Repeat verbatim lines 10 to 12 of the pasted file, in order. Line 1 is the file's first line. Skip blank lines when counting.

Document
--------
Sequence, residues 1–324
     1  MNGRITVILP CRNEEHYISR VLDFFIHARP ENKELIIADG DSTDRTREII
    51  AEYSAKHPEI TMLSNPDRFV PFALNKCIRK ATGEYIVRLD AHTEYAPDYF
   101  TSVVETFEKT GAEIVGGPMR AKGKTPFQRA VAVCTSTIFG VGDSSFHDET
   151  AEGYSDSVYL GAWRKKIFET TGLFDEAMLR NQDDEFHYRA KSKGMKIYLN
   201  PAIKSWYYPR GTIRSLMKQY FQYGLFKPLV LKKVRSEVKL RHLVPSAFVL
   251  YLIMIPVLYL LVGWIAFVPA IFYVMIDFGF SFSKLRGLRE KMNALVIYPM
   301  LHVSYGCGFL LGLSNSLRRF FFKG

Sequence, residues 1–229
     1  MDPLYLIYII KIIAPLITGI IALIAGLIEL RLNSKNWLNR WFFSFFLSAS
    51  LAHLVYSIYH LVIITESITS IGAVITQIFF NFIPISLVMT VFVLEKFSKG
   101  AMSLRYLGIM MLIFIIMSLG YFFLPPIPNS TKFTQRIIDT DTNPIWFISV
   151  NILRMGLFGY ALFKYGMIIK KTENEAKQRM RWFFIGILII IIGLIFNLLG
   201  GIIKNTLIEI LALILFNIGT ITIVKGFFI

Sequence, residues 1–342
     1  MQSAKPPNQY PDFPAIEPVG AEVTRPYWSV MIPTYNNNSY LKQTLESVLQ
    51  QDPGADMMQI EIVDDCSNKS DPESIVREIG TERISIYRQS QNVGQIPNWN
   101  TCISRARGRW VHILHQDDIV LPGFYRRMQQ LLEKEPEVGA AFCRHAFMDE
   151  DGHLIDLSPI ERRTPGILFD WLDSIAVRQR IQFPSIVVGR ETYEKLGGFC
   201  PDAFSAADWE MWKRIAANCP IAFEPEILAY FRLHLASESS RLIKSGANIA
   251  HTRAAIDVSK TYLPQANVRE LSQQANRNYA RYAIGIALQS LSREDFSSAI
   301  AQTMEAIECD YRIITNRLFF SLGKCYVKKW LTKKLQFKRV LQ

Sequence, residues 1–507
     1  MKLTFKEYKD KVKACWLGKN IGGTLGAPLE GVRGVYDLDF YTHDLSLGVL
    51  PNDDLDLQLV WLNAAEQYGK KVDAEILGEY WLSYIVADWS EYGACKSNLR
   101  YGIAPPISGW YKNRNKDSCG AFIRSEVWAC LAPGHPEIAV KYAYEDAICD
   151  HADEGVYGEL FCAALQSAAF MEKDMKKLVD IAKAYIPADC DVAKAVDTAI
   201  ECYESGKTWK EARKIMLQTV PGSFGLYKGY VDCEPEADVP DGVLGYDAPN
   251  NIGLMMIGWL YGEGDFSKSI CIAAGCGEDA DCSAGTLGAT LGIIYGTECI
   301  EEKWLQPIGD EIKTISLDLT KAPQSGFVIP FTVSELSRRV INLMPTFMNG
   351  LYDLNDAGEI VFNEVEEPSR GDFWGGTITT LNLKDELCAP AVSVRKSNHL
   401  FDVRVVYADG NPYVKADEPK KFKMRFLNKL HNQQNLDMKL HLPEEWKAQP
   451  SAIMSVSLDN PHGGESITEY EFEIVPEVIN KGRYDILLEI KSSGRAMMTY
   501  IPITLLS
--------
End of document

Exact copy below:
     1  MDPLYLIYII KIIAPLITGI IALIAGLIEL RLNSKNWLNR WFFSFFLSAS
    51  LAHLVYSIYH LVIITESITS IGAVITQIFF NFIPISLVMT VFVLEKFSKG
   101  AMSLRYLGIM MLIFIIMSLG YFFLPPIPNS TKFTQRIIDT DTNPIWFISV